Have you ever had an ear infection?  They are incredibly painful.  Now imagine you have no way of telling anyone this....therefore the infection goes untreated....and it's in both ears.

She was in pain.  Excruciating pain.  And she was an she did what animals do....she lashed out.  Rachel happened to be the one who was in the wrong place at the wrong time.


Oh by the way.....let me backtrack a bit.  Saturday morning, Rachel woke up with a puffy face full of stitches...dried blood at the eye unable to open fully......came downstairs with a smile and said, "Good morning, Molly.  I love you."  As if nothing had ever happened.  Because even at the age of just 5 1/2, she knew it wasn't Molly's fault.


Armed with medication and this crucial piece of information, we thought it would be a little easier to find her a new home.  Time and again, we explained that she bit out of pain....she's not dangerous or viscious.  Time and again, we we were told to put her down.  "We don't take biters."   Days ticked by.  We successfully treated the ear infection and spent hours making phone call after phone call.  We used a baby gate to keep Molly in the kitchen, separate from the kids.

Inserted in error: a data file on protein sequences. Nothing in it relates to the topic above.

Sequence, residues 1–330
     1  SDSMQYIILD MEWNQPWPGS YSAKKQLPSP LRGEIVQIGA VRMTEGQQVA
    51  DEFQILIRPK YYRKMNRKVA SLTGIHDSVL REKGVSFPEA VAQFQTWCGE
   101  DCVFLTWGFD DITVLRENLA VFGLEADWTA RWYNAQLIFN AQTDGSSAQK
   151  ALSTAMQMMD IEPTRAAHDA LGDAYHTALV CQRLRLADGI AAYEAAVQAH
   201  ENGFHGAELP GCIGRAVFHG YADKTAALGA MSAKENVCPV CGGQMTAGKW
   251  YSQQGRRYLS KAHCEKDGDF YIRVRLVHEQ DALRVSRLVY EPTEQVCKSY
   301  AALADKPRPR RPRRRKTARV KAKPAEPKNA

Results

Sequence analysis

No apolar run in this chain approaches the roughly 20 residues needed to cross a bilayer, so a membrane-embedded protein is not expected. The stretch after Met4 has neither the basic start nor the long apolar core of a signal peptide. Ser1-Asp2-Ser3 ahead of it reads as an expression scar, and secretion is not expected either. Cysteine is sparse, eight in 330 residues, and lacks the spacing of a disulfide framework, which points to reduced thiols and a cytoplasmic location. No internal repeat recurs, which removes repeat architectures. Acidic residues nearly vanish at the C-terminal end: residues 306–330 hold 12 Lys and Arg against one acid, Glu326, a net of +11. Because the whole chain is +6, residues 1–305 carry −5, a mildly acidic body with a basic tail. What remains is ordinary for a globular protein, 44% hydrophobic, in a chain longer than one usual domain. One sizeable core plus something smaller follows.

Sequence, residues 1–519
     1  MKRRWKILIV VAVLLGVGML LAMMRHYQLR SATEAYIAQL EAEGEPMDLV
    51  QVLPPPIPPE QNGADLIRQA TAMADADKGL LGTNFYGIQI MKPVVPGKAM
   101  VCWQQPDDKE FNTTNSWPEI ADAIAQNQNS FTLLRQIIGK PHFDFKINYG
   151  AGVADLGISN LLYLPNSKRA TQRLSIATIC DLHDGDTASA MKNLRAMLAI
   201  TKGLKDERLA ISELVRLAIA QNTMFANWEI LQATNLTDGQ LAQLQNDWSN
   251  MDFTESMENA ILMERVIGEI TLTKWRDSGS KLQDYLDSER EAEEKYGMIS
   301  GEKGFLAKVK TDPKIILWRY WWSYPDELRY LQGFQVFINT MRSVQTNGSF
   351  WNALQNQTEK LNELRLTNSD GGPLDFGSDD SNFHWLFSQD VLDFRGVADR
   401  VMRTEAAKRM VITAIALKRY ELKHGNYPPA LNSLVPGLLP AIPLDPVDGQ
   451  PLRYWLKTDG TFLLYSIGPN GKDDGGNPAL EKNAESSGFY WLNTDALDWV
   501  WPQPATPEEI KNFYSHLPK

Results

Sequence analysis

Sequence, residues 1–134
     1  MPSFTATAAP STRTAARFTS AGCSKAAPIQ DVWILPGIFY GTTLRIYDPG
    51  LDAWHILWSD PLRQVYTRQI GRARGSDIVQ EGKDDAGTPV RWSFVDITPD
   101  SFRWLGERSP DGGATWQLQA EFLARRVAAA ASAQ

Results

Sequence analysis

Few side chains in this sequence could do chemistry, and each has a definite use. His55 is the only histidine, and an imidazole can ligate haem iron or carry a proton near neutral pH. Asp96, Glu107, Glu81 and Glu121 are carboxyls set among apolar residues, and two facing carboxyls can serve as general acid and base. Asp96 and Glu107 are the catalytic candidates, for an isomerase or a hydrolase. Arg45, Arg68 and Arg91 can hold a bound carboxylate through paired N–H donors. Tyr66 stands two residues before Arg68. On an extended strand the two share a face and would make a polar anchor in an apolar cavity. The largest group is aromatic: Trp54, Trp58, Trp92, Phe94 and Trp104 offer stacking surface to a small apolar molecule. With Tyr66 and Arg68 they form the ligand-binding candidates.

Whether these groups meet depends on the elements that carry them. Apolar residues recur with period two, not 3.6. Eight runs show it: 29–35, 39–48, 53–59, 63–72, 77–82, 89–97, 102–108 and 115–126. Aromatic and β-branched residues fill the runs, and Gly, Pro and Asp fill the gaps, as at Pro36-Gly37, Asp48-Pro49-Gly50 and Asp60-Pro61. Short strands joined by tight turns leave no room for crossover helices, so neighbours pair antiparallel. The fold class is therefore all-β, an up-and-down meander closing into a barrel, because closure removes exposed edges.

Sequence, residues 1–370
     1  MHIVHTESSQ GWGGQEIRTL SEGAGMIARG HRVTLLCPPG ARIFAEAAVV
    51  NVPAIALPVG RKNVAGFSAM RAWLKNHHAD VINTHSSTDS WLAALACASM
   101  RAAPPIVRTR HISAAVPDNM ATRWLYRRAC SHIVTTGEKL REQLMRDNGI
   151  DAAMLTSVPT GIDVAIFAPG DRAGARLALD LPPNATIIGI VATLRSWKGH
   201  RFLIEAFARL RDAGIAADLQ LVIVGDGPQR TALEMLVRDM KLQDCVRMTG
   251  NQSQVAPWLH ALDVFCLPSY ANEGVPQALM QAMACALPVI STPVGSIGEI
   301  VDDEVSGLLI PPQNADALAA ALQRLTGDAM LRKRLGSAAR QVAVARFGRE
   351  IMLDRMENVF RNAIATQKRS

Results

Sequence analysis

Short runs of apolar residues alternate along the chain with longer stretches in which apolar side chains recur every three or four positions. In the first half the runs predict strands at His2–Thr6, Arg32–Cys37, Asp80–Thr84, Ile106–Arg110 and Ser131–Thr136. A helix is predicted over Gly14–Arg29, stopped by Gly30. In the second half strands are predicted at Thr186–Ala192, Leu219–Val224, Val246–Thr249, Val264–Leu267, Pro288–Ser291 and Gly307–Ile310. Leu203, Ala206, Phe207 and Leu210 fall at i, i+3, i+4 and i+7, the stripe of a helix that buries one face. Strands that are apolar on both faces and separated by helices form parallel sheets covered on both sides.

I remember sitting at the table with Molly next to me.  I ran my hand over the silky hair on her head while I cried and said, "I'm so sorry.  I love you.  And I'm so sorry.  This is all my fault.  I'm so sorry."  And it might not make sense to anyone but me....but to this day, I take all of the blame on myself.  Dogs with ear infections shake their heads a lot.  Was she doing that?  Why didn't I notice?  Was I ignoring her pain?  She was my could I miss her discomfort?  And I noticed she looked a little odd that night.  Why didn't I make Rachel move away?  Why did I let it happen?  It was my idea to adopt a second dog.  I am the one who brought Molly here.  Why did I have to bring another dog into the house?

HOW could I have let this happen???

My punishment, as I see it, was seeing my daughter's blood pour down her face.  And having to hold her legs while she screamed in pain in the ER.  And fighting the urge to faint.  And seeing her wounds change color day by day.  And having to explain to her, over and over again, that Molly couldn't stay with us.  And watching her say goodbye to this dog who had become her best friend.

We found Molly a new home....just in time.  I had started to believe that putting her down would be our only option....but my husband found someone who was willing to hear the whole story and able to find a family that would love her like we did (and still do).  The day I surrendered her, I cooked a large batch of homemade dog food to send with her, along with her dry food.  I sent a list of her feeding schedule, her habits, favorite things to do, quirks, etc.  I packed a bag with her favorite toys and blanket.  The woman who took her was stunned.

It's been more than 2 years now....we are currently a family with three dogs, so there's no shortage of sloppy kisses and tummy scratches.  But I still miss my girl.  Every so often I see or hear something that reminds me of her.  Her collar hangs next to my bed.  I still miss little shadow.  My pretty Molly-girl.  Thanks to her, I'm a better doggy mom now.